DASH: clever construction and resilience in robotics

Behold the Dynamic Autonomous Sprawled Hexapod (DASH). The video above was presented at the 2009 International Conference on Intelligent Robots and Systems. In it we see the toils of a team from UC Berkeley’s Biomimetic Millisystems Lab. They’ve developed a robot propulsion system that mimics some of the best aspects of cockroaches and other insect bodies: speed, economy of motion, ability to survive large falls without damage, and the capability to traverse obstacles. Let’s take a look at how they put this together after the break.

We see a hexapod (six-legged) robot manufactured using cardboard and a polymer sheet. First, the general features for each part are laser cut from a sheet of cardboard (non-corrugated) in a mirrored pattern. A polymer sheet is then glued to one side of the pattern, the other side is folded over and glued to the top of the polymer. The whole thing takes a trip through a laminator and then heads back to the laser cutter to finish cutting out the pieces. If you’ve got these tools, this makes for a very fast build process. They claim the robot can be assembled in one hour.

With this particular design, the entire body of the bot provides propulsion. There are two different frames which rotate in relation to each other, each moving three of the legs in a rowing pattern. Directional propulsion is provided by flexing the entire frame diagonally using muscle wire. Because of the resilience of this building material, the ability of the frame to flex and return to shape also provides protection from falls. We see the device thrown off of a building and continue on without any apparent damage.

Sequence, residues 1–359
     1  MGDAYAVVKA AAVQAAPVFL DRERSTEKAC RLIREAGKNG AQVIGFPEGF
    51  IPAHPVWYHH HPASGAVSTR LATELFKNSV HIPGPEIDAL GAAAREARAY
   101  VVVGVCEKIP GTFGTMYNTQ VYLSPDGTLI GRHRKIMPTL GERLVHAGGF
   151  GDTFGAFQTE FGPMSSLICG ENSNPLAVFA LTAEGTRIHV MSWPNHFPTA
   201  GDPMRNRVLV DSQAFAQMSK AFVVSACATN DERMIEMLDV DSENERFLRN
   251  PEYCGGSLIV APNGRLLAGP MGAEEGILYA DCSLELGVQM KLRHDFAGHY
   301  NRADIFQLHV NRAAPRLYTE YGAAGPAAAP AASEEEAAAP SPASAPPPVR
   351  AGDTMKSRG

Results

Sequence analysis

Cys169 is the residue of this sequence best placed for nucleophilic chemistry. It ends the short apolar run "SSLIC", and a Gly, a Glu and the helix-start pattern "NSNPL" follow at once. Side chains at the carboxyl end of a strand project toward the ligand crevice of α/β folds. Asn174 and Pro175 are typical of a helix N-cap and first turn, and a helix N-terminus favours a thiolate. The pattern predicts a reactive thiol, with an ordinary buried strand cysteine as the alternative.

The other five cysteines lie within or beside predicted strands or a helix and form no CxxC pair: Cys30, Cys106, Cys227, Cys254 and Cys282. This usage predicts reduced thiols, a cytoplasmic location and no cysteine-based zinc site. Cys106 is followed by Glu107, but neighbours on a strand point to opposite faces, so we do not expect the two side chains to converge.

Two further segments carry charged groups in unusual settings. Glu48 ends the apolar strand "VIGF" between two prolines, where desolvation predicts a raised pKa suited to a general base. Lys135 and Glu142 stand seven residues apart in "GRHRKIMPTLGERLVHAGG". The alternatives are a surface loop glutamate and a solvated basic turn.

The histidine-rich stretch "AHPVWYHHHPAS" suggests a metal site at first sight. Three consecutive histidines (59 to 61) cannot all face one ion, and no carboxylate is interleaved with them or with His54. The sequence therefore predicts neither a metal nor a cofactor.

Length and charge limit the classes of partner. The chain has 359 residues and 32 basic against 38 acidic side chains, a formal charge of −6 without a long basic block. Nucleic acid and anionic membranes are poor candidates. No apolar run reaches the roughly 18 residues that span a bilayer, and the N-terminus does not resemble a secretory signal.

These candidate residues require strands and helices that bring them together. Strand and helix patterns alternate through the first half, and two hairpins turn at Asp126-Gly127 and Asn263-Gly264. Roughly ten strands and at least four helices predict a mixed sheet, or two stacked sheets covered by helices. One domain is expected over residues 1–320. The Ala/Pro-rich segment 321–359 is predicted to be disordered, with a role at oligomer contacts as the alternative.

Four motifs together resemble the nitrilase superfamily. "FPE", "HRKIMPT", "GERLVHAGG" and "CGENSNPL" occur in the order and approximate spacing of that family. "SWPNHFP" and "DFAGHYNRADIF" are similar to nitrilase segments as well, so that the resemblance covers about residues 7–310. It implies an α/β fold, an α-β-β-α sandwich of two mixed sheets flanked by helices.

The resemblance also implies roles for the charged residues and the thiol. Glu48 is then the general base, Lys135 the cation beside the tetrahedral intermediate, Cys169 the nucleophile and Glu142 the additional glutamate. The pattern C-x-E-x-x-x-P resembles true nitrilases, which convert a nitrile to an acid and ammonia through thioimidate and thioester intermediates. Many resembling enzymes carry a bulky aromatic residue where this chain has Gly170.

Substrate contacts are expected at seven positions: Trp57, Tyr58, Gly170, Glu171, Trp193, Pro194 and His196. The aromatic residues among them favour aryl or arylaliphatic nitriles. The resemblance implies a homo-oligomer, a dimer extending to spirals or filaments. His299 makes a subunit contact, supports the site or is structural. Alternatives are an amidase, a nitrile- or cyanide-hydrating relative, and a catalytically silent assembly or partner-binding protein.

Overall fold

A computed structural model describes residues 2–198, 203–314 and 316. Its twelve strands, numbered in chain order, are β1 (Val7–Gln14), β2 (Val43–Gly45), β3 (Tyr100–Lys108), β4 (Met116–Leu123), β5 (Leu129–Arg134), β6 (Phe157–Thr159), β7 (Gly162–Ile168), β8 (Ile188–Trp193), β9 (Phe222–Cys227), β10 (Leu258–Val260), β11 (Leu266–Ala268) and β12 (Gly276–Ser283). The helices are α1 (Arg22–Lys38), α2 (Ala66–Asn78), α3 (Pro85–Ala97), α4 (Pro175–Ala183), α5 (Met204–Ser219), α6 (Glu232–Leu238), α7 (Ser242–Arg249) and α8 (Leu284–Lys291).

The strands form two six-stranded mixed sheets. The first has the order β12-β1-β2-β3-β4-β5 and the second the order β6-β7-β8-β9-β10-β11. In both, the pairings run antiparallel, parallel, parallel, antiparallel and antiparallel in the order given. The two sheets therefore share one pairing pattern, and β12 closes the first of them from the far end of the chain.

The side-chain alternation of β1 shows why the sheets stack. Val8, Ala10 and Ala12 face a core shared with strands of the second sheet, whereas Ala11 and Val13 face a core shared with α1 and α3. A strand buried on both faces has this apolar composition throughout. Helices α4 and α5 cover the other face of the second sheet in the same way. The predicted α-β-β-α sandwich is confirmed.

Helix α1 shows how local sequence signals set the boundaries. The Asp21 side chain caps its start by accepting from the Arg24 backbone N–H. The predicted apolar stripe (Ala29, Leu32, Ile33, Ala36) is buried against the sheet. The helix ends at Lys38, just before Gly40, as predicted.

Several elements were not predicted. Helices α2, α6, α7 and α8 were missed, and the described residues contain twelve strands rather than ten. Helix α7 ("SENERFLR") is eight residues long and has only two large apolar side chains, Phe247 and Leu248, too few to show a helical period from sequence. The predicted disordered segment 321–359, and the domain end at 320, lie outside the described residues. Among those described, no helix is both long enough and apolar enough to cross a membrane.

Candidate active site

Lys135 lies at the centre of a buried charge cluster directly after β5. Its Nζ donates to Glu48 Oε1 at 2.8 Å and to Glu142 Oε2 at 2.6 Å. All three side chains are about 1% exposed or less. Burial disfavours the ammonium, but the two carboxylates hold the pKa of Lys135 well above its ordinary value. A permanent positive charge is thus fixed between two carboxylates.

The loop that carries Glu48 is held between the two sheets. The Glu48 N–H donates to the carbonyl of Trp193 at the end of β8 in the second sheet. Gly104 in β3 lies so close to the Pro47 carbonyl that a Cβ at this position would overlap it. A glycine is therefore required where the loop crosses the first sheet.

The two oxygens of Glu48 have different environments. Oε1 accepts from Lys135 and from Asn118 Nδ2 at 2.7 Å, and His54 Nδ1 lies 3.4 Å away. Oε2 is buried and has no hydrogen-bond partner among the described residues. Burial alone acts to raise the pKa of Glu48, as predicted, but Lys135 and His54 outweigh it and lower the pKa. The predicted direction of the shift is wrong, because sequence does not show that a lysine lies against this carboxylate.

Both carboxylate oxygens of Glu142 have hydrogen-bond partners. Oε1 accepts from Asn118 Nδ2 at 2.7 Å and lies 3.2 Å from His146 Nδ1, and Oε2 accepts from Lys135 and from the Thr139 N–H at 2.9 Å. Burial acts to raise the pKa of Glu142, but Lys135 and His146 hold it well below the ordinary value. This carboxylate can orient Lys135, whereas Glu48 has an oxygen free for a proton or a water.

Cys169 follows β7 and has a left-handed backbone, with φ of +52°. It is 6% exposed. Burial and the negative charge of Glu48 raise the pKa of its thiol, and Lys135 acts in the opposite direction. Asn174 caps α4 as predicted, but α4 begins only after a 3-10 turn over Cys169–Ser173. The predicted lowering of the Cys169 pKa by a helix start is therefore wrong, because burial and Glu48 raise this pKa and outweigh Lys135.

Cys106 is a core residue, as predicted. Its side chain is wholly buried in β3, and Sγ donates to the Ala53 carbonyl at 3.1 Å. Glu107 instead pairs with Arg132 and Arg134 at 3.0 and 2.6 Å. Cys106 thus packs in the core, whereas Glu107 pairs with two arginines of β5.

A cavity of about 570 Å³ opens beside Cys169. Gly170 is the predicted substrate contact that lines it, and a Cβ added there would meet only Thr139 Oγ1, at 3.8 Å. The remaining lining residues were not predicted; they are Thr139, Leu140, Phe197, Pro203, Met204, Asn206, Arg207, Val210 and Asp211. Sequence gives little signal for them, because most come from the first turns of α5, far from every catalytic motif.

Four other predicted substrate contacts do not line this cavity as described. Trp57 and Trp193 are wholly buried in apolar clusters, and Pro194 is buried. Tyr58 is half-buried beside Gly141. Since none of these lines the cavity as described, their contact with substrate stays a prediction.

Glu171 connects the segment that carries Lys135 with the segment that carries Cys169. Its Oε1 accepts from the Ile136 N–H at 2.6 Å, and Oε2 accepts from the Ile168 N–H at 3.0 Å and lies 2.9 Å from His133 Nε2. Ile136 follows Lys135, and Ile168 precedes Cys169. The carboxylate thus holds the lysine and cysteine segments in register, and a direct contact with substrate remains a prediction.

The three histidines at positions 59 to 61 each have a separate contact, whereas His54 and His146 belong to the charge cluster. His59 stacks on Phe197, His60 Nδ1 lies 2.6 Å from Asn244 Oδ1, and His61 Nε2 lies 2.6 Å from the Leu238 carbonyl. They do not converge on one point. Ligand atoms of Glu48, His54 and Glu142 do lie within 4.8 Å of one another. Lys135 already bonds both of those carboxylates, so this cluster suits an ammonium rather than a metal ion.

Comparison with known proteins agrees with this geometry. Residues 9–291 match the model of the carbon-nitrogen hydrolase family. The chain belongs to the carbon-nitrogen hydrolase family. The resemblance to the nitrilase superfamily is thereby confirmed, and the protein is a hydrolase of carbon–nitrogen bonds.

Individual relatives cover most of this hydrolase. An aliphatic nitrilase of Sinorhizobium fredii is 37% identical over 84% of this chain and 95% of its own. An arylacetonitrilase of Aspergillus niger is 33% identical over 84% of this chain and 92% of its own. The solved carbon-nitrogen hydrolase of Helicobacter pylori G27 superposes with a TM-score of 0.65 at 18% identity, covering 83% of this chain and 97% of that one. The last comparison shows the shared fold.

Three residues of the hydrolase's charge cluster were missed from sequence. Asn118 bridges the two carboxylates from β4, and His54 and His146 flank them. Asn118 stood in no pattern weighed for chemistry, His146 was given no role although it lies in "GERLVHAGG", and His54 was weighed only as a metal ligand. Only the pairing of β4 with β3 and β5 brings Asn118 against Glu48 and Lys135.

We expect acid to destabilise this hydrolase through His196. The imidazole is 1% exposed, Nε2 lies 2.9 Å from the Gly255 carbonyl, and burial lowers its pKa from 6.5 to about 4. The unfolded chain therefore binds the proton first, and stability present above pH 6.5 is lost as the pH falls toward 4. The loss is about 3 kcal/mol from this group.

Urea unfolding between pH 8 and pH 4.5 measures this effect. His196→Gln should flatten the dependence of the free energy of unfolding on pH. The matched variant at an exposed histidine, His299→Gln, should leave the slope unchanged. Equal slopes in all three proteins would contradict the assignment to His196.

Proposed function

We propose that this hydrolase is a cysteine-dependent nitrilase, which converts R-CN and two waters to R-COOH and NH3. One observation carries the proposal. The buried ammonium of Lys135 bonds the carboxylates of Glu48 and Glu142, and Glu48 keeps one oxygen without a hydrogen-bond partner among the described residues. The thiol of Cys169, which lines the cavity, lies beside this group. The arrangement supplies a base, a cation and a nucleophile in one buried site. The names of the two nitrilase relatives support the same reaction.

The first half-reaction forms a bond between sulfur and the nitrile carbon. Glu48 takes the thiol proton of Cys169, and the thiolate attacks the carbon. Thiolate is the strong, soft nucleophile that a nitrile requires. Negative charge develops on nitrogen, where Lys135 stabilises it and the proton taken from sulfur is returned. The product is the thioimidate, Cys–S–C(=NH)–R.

Make sure you take a look at the folded robot prototyping information the Berkeley team has previously posted on their website. They dip a bit more into the details of producing the laminated cardboard composite for the bodies. The work in the video is a big leap forward from their prototypes and leaves us wondering what will come next?

[via IEEE Spectrum]

Comments

  1. aztraph says:

    Neat, I bet it could run across water with very little modification.

  2. RonaldRaygun says:

    Interesting layout.

    I’m thinking using some closed cell form in lieu of cardboard, and we could have a water strider.

  3. NotoriousAlpha says:

    How big can this be made? i.m thinking large scale.

  4. Andrew says:

    wow, you re-invented the wheel. The legs are still spinning and forming a “wheel” but with alot less contact.

    plus, what possible use could it be. Any kind of real electronics/senors you install will increase the weigh making it less likely to survive high falls or travel fast.

  5. Frogz says:

    ……
    im going to upscale…
    needs more power…
    needs to be mounted to a bicycle!!!!!
    will i actually do it? probably not
    but hell, that would be fun

  6. RonaldRaygun says:

    -NotoriousAlpha

    The frame I suspect can be made as large as possible. As long as the density is kept in check.

    -Andrew

    With the advent of composites and miniaturization I’m pretty sure the concept can be applied elsewhere.

  7. Sean says:

    Can I use this to fix my crippled pet cockroach? ;-)

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